Defined in header <stddef.h>  

typedef /*implementationdefined*/ ptrdiff_t; 
ptrdiff_t
is the signed integer type of the result of subtracting two pointers.
The bit width of 
(since C99) (until C23) 
The bit width of  (since C23) 
ptrdiff_t
is used for pointer arithmetic and array indexing, if negative values are possible. Programs that use other types, such as int
, may fail on, e.g. 64bit systems when the index exceeds INT_MAX
or if it relies on 32bit modular arithmetic.
Only pointers to elements of the same array (including the pointer one past the end of the array) may be subtracted from each other.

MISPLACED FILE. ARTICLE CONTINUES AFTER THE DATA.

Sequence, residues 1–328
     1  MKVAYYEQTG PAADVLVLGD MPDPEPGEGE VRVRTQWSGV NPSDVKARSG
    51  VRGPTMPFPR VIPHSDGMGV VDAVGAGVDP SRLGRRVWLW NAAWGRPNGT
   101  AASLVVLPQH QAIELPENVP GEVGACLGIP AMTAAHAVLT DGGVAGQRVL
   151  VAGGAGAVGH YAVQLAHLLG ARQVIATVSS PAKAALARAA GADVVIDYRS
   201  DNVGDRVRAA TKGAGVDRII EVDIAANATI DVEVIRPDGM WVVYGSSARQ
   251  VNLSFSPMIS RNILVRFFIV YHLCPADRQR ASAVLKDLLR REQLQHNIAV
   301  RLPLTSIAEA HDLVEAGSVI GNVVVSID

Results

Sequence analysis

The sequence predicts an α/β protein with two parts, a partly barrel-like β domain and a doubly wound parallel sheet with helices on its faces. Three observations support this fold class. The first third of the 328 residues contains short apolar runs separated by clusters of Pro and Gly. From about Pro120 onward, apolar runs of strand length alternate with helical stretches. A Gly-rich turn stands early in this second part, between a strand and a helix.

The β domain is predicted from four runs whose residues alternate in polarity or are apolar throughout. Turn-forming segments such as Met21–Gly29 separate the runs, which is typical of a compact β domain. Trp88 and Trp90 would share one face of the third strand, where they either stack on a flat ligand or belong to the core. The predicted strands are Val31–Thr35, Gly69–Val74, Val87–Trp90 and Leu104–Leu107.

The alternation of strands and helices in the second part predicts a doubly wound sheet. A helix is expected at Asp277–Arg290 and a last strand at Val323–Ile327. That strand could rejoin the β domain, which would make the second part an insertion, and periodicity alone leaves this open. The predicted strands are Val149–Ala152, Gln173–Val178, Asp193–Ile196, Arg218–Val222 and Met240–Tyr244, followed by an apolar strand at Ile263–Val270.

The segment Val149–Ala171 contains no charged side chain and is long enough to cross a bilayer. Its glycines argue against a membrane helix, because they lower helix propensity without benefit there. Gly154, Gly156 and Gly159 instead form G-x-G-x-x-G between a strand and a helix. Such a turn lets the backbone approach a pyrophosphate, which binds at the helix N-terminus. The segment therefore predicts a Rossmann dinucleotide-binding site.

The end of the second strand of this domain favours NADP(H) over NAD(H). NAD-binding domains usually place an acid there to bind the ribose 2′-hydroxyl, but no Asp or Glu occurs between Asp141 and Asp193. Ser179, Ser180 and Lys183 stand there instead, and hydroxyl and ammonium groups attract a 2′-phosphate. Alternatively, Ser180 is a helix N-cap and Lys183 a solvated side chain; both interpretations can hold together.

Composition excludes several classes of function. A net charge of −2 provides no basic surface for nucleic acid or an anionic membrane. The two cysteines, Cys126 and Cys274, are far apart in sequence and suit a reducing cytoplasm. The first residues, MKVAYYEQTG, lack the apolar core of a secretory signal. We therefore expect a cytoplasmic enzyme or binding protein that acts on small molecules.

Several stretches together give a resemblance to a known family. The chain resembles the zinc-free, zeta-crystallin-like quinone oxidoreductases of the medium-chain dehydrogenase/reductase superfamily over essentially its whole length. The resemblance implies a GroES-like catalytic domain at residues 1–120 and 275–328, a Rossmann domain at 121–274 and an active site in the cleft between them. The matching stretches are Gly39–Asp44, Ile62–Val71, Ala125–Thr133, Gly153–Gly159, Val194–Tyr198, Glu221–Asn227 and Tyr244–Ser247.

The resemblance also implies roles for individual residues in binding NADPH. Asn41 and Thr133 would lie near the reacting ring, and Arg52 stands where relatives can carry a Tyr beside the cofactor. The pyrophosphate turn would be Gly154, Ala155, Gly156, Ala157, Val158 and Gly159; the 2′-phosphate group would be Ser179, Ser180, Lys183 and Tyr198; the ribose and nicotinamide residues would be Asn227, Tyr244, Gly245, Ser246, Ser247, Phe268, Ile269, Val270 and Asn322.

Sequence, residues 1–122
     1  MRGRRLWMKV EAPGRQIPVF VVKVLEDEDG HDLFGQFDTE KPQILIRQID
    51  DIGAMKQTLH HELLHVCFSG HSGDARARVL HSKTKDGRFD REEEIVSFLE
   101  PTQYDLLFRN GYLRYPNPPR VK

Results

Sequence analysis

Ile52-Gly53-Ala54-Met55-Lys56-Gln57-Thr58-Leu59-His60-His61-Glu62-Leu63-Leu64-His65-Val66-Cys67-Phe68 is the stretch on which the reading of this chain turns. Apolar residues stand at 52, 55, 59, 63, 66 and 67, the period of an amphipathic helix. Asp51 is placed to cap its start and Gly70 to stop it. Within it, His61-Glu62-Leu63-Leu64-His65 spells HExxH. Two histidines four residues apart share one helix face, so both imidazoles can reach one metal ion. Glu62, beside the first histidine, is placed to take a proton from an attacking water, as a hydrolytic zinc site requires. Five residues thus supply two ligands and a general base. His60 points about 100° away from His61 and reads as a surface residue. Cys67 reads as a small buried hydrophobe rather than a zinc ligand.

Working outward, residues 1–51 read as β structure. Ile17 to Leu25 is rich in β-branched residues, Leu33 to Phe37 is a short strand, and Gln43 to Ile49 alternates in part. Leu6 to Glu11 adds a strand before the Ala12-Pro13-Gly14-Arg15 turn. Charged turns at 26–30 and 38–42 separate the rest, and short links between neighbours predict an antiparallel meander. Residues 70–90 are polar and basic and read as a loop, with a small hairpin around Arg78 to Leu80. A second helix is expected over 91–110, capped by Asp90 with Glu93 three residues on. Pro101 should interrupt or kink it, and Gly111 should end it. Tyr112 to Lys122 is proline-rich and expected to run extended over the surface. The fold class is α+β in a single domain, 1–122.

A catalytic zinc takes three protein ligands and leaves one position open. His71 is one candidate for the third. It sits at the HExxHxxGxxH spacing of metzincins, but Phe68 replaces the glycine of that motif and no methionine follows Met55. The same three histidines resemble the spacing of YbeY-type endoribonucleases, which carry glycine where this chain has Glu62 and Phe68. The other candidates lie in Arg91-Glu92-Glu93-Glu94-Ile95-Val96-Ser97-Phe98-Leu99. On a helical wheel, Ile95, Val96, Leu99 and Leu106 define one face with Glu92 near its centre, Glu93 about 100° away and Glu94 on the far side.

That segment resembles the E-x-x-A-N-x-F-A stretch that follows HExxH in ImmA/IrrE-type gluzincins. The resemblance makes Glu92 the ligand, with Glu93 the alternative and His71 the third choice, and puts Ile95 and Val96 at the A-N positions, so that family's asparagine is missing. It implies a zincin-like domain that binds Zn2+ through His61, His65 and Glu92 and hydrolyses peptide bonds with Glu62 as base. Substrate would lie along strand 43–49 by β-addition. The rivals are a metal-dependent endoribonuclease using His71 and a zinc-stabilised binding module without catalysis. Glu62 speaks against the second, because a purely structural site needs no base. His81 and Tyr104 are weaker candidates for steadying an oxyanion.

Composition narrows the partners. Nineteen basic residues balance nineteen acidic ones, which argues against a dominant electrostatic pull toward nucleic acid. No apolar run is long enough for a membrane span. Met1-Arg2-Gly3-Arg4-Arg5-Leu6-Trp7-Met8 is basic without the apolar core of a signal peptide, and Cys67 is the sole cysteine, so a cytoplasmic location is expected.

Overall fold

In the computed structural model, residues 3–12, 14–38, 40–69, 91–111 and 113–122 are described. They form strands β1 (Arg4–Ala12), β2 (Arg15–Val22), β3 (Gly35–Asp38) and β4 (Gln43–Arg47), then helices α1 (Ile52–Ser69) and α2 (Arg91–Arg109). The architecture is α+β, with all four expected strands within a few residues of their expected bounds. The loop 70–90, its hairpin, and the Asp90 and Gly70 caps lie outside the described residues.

If an array is so large (greater than PTRDIFF_MAX
elements, but less than SIZE_MAX
bytes), that the difference between two pointers may not be representable as ptrdiff_t
, the result of subtracting two such pointers is undefined.
For char arrays shorter than PTRDIFF_MAX
, ptrdiff_t
acts as the signed counterpart of size_t
: it can store the size of the array of any type and is, on most platforms, synonymous with intptr_t
).
#include <stdio.h> #include <stddef.h> #include <stdint.h> int main(void) { const size_t N = 100; int numbers[N]; printf("PTRDIFF_MAX = %ld\n", PTRDIFF_MAX); int *p1=&numbers[18], *p2=&numbers[23]; ptrdiff_t diff = p2p1; printf("p2p1 = %td\n", diff); return 0; }
Possible output:
PTRDIFF_MAX = 9223372036854775807 p2p1 = 5
unsigned integer type returned by the sizeof operator (typedef) 

byte offset from the beginning of a struct type to specified member (function macro) 

C++ documentation for ptrdiff_t 
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